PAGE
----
Hello Folks,
I am trying to find out if there is a closed form solution to the following infinite summation. Could anyone give me a few pointers about how to proceed?
S = sum(cos((n+1)*x)/n/(n+1)) where n = 1 to infinity.
Thanks,
- VL.
Hello Folks,
I am trying to find out if there is a closed form solution to the following infinite summation. Could anyone give me a few pointers about how to proceed?
S = sum(cos((n+1)*x)/n/(n+1)) where n = 1 to infinity.
Thanks,
- VL.
Hi,
I've no clue whether my approach leads to a correct result, but I'd first try with some very dirty tricks (beware!!):
$\displaystyle f(x) = \sum_n \frac{\cos((n+1)x)}{n(n+1)} = \mathfrak{Re}\left{ \sum_n \frac{e^{j(n+1)x}}{n(n+1)} \right}$
Differentiate the complex series with respect to $\displaystyle x$ and you get
$\displaystyle \frac{\partial f}{\partial x} = j e^{jx} \sum_n \frac{(e^{jx})^n}{n}$
Now I'll just take the identity $\displaystyle \ln(1-x) = - \sum_n \frac{x^n}{n}$ valid for $\displaystyle -1 \leq x < 1$ and hope it converges for most complex numbers on the border of the closed disk $\displaystyle |x| \leq 1$ (needs checking!). I get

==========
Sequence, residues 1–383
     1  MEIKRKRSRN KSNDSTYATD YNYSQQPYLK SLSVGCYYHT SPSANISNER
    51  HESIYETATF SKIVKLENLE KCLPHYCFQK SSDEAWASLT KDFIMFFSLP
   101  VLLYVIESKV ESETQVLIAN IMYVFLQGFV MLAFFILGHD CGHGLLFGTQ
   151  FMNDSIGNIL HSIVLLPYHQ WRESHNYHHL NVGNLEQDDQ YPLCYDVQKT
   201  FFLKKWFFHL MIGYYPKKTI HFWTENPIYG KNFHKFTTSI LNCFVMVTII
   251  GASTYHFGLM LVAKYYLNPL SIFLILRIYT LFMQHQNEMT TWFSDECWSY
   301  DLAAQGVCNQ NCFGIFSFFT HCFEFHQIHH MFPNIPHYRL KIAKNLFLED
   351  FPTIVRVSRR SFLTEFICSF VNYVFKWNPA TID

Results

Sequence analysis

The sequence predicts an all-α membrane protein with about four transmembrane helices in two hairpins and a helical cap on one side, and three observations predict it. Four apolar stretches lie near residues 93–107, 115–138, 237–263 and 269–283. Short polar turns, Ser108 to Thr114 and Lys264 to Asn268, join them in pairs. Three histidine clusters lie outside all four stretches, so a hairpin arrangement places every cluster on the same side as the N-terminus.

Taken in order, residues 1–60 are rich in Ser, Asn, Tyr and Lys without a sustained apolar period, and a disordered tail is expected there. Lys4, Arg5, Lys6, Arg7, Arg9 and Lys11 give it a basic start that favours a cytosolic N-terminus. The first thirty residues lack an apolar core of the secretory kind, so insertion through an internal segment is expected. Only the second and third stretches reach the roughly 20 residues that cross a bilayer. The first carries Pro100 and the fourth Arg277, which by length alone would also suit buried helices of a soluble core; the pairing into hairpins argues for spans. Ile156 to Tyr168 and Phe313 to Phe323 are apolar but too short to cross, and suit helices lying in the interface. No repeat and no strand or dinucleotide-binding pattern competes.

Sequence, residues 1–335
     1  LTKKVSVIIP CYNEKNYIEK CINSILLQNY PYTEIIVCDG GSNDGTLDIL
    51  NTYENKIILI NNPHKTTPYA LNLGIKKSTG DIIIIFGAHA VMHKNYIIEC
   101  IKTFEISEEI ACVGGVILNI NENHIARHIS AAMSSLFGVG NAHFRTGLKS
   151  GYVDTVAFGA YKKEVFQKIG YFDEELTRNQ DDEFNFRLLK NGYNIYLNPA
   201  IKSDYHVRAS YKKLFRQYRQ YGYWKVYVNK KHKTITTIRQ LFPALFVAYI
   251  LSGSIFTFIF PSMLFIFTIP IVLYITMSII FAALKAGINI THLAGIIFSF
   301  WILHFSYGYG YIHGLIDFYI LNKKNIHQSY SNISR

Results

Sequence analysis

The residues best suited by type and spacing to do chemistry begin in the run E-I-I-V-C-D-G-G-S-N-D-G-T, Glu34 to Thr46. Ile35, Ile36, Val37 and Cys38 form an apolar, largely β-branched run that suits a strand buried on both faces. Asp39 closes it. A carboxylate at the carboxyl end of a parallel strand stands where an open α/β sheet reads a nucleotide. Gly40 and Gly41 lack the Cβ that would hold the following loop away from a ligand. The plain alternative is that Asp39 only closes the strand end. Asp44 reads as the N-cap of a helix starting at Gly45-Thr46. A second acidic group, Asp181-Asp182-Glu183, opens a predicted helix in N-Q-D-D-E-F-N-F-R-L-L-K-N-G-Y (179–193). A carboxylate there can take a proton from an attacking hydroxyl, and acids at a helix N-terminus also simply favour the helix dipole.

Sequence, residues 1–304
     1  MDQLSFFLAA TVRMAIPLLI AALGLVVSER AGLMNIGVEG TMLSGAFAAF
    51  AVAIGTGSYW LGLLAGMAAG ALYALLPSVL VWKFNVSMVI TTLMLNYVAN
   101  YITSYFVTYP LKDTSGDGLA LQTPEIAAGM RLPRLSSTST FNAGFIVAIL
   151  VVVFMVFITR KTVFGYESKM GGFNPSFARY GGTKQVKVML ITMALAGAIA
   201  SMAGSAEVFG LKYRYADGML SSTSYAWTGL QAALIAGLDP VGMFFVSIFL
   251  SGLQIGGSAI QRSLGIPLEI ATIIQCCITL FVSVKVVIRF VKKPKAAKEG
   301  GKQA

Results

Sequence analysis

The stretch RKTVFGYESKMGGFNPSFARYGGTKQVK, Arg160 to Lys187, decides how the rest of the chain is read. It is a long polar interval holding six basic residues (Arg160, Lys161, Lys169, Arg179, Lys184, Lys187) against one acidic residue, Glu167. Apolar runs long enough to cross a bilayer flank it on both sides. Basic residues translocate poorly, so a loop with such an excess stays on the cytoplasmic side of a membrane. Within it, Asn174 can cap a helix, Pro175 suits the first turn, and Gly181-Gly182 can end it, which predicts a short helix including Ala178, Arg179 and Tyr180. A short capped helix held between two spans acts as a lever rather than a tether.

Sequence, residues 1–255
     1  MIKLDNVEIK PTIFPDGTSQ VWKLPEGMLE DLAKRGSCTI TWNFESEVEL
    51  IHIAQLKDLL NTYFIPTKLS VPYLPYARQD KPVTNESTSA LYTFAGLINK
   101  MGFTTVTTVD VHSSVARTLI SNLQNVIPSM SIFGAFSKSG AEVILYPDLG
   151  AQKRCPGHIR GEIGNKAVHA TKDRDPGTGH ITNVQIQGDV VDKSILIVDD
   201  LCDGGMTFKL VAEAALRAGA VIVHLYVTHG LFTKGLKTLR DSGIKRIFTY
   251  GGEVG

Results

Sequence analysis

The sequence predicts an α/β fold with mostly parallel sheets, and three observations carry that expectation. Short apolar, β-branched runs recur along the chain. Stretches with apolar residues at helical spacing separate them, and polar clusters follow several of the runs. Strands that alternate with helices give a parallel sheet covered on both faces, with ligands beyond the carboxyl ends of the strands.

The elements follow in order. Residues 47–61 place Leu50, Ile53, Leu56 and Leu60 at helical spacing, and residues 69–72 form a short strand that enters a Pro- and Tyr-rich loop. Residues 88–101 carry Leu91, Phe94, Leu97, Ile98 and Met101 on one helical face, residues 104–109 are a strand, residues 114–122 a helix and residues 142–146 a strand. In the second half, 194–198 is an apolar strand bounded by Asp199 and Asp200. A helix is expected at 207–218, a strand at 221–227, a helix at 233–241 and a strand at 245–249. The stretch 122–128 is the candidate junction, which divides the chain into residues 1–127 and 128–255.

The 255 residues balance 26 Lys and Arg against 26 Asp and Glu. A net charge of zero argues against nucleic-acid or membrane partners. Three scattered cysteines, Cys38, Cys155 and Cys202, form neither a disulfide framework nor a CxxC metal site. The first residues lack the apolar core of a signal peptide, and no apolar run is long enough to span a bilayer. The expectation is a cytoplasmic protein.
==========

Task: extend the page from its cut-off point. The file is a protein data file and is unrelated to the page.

$\displaystyle \frac{\partial f}{\partial x} = - j e^{jx} \ln(1-e^{jx})$
Now what's the logarithm of a complex number? For a complex number $\displaystyle z = a+jb$, I have
$\displaystyle e^{\ln(a+jb)} = a+jb = \sqrt{a^2+b^2} e^{j \arctan(\tfrac{b}{a})} = e^{\ln(\sqrt{a^2+b^2}) + j \arctan(\tfrac{b}{a})}$
whence $\displaystyle \ln(a+jb) = \ln(\sqrt{a^2+b^2}) + j \arctan(\tfrac{b}{a})$. Hence
$\displaystyle \frac{\partial f}{\partial x} = - j e^{jx} \left[ \ln\left(\sqrt{(1-\cos(x))^2+\sin^2(x)}\right) + j \arctan\left(\frac{\sin(x)}{1-\cos(x)}\right) \right]$
$\displaystyle \frac{\partial f}{\partial x} = - j e^{jx} \left[ \ln\left(\sqrt{2(1-\cos(x))}\right) + j \arctan\left(\frac{\sin(x)}{1-\cos(x)}\right) \right]$
You can work out the rest. Take the real part, and try to find the antiderivative. Check by numerical simulation, before trying to rigorize all the above.
I'd also be interested in a rigorous (and maybe more elegant?) derivation. Thanks to anybody who can provide it!
Jens
Hi,
Ok, let me know.
I've just noticed that I defined my function $\displaystyle f$ as the real part of a complex series, but then I went on as if it were the complex series itself. Just a notational mistake!
I hope that didn't confuse anybody…